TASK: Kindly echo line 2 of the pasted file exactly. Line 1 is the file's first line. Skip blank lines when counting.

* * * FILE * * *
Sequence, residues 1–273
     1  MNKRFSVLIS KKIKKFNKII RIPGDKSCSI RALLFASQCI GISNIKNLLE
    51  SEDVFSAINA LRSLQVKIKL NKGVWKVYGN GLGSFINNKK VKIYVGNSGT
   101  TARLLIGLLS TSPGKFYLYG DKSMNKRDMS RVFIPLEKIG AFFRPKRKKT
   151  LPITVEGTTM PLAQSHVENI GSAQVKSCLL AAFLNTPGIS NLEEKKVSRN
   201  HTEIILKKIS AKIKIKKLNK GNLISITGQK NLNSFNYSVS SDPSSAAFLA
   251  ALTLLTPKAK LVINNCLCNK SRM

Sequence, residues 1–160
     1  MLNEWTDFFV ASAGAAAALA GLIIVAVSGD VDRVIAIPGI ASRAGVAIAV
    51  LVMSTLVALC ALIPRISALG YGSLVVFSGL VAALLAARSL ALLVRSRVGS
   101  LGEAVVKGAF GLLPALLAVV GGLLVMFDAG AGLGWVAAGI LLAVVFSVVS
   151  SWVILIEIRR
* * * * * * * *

     1  MNKRFSVLIS KKIKKFNKII RIPGDKSCSI RALLFASQCI GISNIKNLLE